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From a design standpoint, however, drop-down menus are an excellent feature because they help clean up a busy layout. If structured correctly, drop-down menus can be a great navigation tool, while still being a usable and attractive design feature. drop-down navigation menus can be user-friendly. Recently Jacob Nielsen the results of his recent drop-down ...


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In 99% of the cases you don't need to keep multiple parent items expanded at once. Moreover, it is advisable not to do so, as you don't want the user to get confused about her current location on your website and eventually get lost. And yes, there are scenarios in which you would want to have all the items expanding without collapsing their siblings. Such ...


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"It doesn’t matter how good your website is if users can’t find their way around it." - By jerrycao Continuing with my answer posted just a day before. I stated that collapse menu's are better, and also gave some valid reasons. Note: Please read my previous answer(linked above), come back and continue here. Now talking about your case, I would ...


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Provide them shortcuts for expand/collapse all, then let them organize it from there (unless there's some explicit reason for them not to be able to expand multiple siblings concurrently).


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I've found that letting users choose when tabs open and closed is best, so I would leave it up to the user to collapse one menu, even when following a link in another menu. A scenario describing why would include users who might be navigating through different parts of the site multiple times. If I want to go to the pratius page, then artius, them to ...


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I find the top view better, but the bottom one is sometimes used by users with multiple monitors. Why not re-designing into a panels layout (like Visual Studio) so the user can decide which one suits him better? At the end everyone has a different preference...


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I think one of the toughest things to parse here is the typography. All that extra tracking plus all-caps is making this look like a jumble of individual characters, instead of recognizable words.


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Another **possible fix ** could be just swap the position of the form in the second case (where few addresses are already there). And make the entire address chunk/div clickable with different prominent states (hover, selected). Also you can change the visual style of showing it as possible options(in this case the position of the radio button). In the ...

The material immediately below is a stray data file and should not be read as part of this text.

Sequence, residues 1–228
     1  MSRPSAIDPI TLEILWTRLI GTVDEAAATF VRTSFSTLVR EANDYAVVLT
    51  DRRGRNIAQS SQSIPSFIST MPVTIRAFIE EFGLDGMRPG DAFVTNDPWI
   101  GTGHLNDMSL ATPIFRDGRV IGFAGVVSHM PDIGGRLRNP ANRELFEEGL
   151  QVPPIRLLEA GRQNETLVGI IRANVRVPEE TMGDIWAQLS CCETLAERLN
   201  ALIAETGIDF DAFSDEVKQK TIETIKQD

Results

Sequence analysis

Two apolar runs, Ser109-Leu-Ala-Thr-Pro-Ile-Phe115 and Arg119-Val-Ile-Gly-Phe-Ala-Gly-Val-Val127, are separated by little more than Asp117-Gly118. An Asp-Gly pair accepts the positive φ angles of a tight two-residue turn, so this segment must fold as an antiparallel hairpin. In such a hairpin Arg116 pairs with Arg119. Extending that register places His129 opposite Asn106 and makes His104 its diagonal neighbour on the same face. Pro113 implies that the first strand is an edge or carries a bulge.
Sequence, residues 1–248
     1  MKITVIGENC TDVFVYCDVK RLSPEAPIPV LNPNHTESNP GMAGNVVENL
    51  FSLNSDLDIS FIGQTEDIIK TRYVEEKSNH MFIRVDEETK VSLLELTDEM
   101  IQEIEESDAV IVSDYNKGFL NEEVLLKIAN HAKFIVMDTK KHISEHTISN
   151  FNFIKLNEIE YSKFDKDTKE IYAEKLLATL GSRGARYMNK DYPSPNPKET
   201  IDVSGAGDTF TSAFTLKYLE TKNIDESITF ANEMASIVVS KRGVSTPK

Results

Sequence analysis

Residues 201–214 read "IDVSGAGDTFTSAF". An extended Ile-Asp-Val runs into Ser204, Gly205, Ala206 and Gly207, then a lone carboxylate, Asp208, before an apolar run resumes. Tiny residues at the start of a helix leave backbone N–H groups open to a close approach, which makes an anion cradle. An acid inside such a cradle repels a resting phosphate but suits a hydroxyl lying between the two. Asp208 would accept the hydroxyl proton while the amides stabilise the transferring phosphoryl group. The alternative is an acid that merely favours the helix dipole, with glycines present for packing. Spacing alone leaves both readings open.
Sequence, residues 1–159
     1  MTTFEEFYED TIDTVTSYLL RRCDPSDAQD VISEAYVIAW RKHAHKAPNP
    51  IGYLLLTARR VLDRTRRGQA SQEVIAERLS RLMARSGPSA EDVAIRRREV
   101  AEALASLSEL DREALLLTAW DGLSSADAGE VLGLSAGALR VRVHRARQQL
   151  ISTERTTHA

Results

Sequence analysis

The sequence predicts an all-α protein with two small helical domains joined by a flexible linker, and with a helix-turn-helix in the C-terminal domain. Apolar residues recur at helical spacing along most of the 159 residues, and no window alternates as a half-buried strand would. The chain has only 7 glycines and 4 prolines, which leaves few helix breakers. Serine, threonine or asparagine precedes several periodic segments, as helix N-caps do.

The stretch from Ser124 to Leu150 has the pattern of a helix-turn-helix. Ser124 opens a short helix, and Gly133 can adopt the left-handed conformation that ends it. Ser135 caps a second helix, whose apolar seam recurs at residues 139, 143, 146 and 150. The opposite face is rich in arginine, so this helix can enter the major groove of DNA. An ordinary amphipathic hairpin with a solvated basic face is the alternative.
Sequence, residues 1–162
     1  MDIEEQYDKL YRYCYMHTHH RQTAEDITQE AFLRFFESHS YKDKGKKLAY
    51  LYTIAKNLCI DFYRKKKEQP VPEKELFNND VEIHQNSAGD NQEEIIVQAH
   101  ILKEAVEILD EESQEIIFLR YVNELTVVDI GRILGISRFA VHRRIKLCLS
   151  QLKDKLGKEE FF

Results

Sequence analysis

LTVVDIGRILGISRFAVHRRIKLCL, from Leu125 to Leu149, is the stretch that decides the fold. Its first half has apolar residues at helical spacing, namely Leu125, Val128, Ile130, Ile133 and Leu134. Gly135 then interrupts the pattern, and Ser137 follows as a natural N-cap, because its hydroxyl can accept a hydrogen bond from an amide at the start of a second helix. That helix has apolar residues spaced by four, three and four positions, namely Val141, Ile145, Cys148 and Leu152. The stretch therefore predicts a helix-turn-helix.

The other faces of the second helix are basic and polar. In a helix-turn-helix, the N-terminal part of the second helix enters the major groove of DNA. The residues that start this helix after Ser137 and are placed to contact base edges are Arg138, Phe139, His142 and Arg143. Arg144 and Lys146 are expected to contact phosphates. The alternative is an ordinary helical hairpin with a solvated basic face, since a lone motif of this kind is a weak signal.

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The design as you show it assumes people want to add multiple shipping addresses and then choose one for the current order. I think this is not the typical use case. Adding a new shipping address is needed only if it is not yet in the list of existing addresses: Either this is the first shipment, or the current order should go somewhere else. Having this ...


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You can ask the user to name the address by something at the end of the check out. So that for the next purchase, s/he can directly select the address from a drop down. In case of new address a specific and prominent button will be present with "Add New" label.


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In addition to the "it depends on the app" answer, i'll throw in this: "It depends on the user's preference". Therefore, if you want to really impress users, allow the option to do all 3. But of course this means more work. Also, you should consider if the side menu is something that you'd expect users to keep open more often than not. If so, then perhaps ...


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It depends on your application. Will you be using any information on the table when doing something on the sidebar? If so, I would go with Method A (with or without transparency). It also seems to be best practices for a few style guides (check Google's Material Design for Navigation drawer at https://material.google.com/patterns/navigation-drawer.html#...


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Adding things just to fill in space can lead to an increase in the user's cognitive workload, thereby making it harder for them to recognize what they're looking for, absorb information, or take an action. With that in mind, I would recommend you group your radio buttons closer and left align the title with the description box, like the example below.


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When elements are crammed together like tiles in a mosaic instead of overlapping like Windows 95, it's called a Tiling Window. You might also see it called Non-blocking UI, or Non-overlapping UI, or Non-Modal Interface or Non-overlapping User Interface. Tiling windows also tend to be in a tight relationship with the non-blocking philosophy which is ...



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